A young man from Queens jumps into the thick of World War II intelligence activities by translating secret Japanese messages
IN HIS MARVELOUS MEMOIR, Flights of Passage, my friend and onetime colleague Samuel Hynes, a Marine Corps combat aviator in World War II, writes that the war is the shared secret of his generation—those young men who came of age between December 7, 1941, and September 2, 1945.
George Henry Sharpe’s Bureau of Military Information helped win the Civil War—and is especially worth remembering today
Without his brilliance at espionage the Revolution could not have been won
A former Department of Defense adviser—one of Robert S. McNamara’s Whiz Kids—explains why we tend to overestimate Russian strength, and why we underestimate what it will cost to defend ourselves
Twenty years ago Alain C. Enthoven was one of America’s most controversial intellectuals in the field of military affairs. He had gone to the Pentagon in 1961 to act as a civilian adviser to Secretary of Defense Robert McNamara.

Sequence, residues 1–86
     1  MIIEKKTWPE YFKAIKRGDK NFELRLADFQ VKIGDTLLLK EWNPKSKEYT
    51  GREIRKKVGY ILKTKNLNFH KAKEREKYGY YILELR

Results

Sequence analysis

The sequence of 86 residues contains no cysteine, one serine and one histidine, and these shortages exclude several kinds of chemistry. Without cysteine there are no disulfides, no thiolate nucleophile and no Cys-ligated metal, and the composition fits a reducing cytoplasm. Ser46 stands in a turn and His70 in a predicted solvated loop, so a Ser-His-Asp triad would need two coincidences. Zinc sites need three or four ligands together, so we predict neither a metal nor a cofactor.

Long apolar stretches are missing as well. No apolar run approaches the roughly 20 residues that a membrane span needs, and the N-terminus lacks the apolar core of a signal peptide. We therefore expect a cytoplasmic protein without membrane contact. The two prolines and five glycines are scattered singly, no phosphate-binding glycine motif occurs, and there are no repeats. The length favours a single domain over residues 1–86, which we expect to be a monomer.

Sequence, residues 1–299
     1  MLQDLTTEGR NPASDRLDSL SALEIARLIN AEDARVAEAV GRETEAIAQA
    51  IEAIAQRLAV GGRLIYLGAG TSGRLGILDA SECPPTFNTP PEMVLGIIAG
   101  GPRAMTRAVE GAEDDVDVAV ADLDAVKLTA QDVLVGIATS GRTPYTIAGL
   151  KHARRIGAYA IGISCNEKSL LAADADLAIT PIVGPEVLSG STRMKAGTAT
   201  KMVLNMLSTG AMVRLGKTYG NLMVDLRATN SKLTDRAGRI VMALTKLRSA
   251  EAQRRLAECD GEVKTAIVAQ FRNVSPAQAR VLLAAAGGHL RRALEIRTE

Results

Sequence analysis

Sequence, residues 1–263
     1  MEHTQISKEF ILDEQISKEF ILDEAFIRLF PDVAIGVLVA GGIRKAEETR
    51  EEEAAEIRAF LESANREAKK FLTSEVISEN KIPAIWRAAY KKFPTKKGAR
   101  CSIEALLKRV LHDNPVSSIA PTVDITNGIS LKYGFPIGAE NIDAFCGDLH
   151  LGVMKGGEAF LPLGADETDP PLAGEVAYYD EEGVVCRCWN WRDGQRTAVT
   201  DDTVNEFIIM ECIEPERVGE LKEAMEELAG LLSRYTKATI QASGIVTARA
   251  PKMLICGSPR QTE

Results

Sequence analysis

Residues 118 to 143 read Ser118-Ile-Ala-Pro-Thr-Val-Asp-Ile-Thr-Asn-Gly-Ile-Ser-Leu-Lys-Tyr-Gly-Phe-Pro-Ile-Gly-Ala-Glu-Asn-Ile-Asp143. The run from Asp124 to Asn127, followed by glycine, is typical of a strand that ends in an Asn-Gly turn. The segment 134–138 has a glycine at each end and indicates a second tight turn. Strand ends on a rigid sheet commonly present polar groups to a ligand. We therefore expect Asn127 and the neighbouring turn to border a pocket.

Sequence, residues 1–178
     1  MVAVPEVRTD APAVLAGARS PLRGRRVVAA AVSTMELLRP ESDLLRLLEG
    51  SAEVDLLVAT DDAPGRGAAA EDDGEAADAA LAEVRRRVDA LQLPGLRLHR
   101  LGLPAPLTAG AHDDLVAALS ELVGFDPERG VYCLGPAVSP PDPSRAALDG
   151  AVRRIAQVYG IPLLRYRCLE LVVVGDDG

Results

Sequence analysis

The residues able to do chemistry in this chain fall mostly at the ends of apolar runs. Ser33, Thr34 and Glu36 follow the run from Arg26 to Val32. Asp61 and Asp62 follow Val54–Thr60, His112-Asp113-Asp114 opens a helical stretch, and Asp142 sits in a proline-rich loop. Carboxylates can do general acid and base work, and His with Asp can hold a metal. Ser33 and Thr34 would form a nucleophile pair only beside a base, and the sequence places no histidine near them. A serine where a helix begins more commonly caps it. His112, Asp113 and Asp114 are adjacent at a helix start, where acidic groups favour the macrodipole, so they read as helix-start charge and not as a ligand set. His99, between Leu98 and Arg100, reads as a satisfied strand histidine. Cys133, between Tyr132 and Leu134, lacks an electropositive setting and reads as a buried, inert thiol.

The making and breaking of codes and ciphers has played an exciting and often crucial part in American history
By choice, cryptographers are an unsung and anonymous lot. In war and peace they labor in their black chambers, behind barred doors, dispatching sheets of secret symbols and reading encoded messages from the innermost councils of foreign governments.
Sixteen years before Pearl Harbor an English naval expert uncannily prophesied in detail the war in the Pacific. Now comes evidence that the Japanese heeded his theories—but not his warnings
As soon as Imperial Japan destroyed the Russian Navy in a spectacular sea battle at the Straits of Tsushima in 1905, a rash of would-be Cassandras began to foretell the day when the rays of the Rising Sun would spread eastward across the Pacific, bringing Jap